Archive for April, 2011

Goodbye imagists, hello trumpets


After what seems like years, but was probably four or five months, I’ve finally finished my Songs on Imagist Poems.  So this is six songs on texts by a range of poets from the Imagist movement that thrived in the first part of the twentieth century, including F S Flint (three poems), D H Lawrence and Ezra Pound.  They track a trajectory from foreboding (with the menacing image of a swan destroying peace by a river) through pain and death to a complex and mystic rebirth in Pound’s A Girl:

The tree has entered my hands,
The sap has ascended my arms,
The tree has grown in my breast –
The branches grow out of me, like arms.

I’m not sure if the music lives up to this.  It’s certainly among my most inventive, particularly in the piano writing, as well as being rhythmically extremely free, with much use of clustered runs of quintuplets and sextuplets.

So, the next step is to tidy the score up and get it to the point where it looks vaguely civilised, and then I can settle  down to the serious business of trying to persuade someone to perform it.  But before I do that I’m going to have a bit of a rest.


And during that rest I can think about the next piece, a Trumpet Concerto.  Two things I seem to be converging on are as follows:

  • Use a relatively small orchestra, so probably 4-2-2-3 2-0-2-1, but with unconventional dispositions, e.g. most likely both trombones will be bass instruments.  Note the complete absence of orchestral trumpets, so as to leave the soloist alone at the top of the brass texture.  Strings will probably be subdivided, so four groups of violins and two each of violas and ‘cellos.
  • The basic model is something along the lines of Schmidt’s Fourth Symphony, which, of course, has a very important part for solo trumpet.  I’m not saying this is going to be a rip-off, but a single movement work emerging from an idea on the trumpet and eventually vanishing back into silence is the idea I’m toying with.  Of course, knowing me, It’ll turn out to be incredibly violent, but one can live in hope.

So, that’s the plan.  Now we just need to see what happens.



10 April, 2011 1 comment


According to Wikipedia:

The aequale has become established as a generic term for short, chordal, three or four part trombone pieces. Old church music regulations from Linz show that such pieces were used at funeral services in Austria. The performance of such pieces from towers on All Souls’ Day and the previous evening has an association with the funeral service. The theological meaning of the trombone as a symbol of divine presence, the voice of the angels and instrument of judgment is thereby underscored.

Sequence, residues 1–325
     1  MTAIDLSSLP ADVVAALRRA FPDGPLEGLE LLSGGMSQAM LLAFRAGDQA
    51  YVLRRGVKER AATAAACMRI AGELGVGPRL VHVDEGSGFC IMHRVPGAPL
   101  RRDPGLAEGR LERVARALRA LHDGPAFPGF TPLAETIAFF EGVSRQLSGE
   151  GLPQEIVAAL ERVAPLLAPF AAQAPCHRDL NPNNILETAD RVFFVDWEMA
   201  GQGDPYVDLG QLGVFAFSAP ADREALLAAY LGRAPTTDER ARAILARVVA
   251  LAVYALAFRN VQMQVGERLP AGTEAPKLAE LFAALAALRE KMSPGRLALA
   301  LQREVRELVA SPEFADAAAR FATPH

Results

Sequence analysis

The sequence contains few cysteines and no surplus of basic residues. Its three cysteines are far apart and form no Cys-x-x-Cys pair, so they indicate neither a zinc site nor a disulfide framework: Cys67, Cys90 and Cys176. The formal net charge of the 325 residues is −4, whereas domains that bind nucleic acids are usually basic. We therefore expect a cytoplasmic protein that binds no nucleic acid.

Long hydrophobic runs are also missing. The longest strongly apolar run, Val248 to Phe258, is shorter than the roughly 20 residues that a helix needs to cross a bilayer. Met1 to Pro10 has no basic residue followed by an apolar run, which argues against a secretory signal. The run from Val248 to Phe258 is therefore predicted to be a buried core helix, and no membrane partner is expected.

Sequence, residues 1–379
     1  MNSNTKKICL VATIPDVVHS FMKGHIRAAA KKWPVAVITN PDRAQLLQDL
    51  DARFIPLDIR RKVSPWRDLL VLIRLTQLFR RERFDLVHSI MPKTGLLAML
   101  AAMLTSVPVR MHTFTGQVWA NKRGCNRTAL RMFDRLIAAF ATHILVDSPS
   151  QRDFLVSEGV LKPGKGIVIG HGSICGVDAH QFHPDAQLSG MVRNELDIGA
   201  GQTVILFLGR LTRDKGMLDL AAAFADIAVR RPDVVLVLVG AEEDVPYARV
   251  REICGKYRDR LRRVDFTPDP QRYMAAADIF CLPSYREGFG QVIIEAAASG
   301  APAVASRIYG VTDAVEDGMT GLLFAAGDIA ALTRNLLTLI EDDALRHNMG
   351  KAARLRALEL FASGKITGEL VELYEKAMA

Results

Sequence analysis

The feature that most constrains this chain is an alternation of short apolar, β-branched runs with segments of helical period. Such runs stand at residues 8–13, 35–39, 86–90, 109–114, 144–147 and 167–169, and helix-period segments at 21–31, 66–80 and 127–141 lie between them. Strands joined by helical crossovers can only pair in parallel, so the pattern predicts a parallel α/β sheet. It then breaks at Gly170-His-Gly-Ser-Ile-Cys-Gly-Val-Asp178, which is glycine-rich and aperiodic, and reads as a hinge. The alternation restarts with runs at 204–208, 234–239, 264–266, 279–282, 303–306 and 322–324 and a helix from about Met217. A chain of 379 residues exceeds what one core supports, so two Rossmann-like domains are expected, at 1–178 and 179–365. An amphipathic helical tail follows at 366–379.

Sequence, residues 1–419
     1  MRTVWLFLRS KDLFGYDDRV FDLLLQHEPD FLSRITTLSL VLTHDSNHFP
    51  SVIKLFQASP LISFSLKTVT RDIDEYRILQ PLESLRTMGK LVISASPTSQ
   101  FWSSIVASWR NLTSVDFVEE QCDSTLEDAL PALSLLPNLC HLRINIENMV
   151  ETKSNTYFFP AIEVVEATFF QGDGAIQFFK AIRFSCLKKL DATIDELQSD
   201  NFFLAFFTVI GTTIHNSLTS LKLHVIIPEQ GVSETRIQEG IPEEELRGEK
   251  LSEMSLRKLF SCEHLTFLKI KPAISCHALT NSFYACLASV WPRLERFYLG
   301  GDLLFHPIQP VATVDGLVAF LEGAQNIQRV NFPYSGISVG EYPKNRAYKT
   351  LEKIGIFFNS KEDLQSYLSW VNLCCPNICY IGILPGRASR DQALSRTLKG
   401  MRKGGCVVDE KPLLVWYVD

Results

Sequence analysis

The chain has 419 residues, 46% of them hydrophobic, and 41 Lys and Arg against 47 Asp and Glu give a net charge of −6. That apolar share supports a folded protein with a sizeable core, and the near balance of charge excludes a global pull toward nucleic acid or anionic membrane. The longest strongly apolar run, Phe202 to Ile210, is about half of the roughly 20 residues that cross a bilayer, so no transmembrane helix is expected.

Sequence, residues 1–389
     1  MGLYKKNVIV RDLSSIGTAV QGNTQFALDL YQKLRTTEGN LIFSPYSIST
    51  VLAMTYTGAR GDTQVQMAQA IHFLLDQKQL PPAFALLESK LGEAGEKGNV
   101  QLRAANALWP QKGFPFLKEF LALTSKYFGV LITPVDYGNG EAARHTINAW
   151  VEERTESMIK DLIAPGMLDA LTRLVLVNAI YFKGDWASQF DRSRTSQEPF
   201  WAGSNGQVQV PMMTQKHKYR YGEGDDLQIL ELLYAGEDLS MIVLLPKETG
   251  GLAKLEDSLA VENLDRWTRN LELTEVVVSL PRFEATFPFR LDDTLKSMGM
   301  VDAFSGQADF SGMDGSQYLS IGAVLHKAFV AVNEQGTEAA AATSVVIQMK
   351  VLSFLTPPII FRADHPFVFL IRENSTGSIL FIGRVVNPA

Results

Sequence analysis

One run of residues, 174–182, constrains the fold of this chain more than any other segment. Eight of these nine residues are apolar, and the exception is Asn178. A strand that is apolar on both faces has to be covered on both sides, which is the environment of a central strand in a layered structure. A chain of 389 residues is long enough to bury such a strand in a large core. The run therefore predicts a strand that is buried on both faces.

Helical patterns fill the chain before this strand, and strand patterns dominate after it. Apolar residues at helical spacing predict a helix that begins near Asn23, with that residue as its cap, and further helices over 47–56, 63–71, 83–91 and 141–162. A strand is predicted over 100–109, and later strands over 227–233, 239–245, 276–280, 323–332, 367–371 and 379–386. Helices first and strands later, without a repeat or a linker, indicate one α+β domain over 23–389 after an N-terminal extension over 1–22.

Notable examples of aequale are Ludwig van Beethoven’s Three Equale for four trombones and Anton Bruckner’s Two Aequale for three trombones.


Well, I’m gonna write me some aequale of my very own.  Only I’m being a non-conformist, so:

  1. They’re going to be written for five trombones (ATTBB)
  2. Only the prelude and postlude will be chordal; the aequale proper will be strictly polyphonic, probably largely based on a series of canons

So there, see what you can make of that, Wikipedia.

And no, this doesn’t mean that someone I know is dead, or that I’m planning that someone I know will be dead.  On the contrary.  I wanted to write a short occasional piece, and a group of trombones seemed like a nice sound for the kind of writing I had in mind (for those who know it, think the epilogue to the finale of Mahler’s sixth symphony).  I’m hoping to get them done by the end of the week, and then I’ll put them up for viewing once my intended target has arrived.

So watch this space . . .

Categories: Work in progress

I’m going public!

Yes, that’s right. In a fit of mad extravagance, I’ve decided to throw myself open to the public and created a store over at SibeliusMusic. So, if you go to then you can have a look at the scores, have a listen, and even buy them if you feel so inclined.

I have no idea how this is going to work out, but it must be worth trying, mustn’t it?

First up are my:

  • Violin sonata, going for a snip at $9.95
  • Sonatina for sopranino recorder, currently FREE, but soon to retail at, er, well, less than $9.95

So make me happy and get downloading.  Or writing reviews saying how I’m the next Hindemith.  Or something like that.

Categories: Uncategorized


So, this is the first post on Portertones.  I thought a quick discussion of what this site is for, and then an update on where I am now, musicwise.

What’s it all about then?

The idea is this:

  1. To have a central place where sound files of most of my pieces and scores for selected pieces are available for you to listed and read.
  2. To let people know what I’m doing musically (though why you’d want to know . . .)
  3. To give people a chance to comment on my stuff (constructively, I hope).

I used to do the first thing over on, but it couldn’t allow for the interactive features, plus managing it myself was just too much hassle.

So, what we have here is a blog (which you are reading), pages for the pieces I’ve made available, and a ‘what I’m planning’ page.  Please explore and comment.

What am I up to?

Currently I’m finishing off  cycle of six songs on texts by poets from the Imagist movement.  In fact, I’m just starting song six of six.  Then I think I’ll have a bit of a rest, and then it’s the Trumpet Concerto.  I’m still not sure what to do about that one, but I do know that the idea is to essentially ‘borrow’ the concept of Schmidt’s fourth symphony (which, of course, begins and ends with a solo trumpet).

Categories: Uncategorized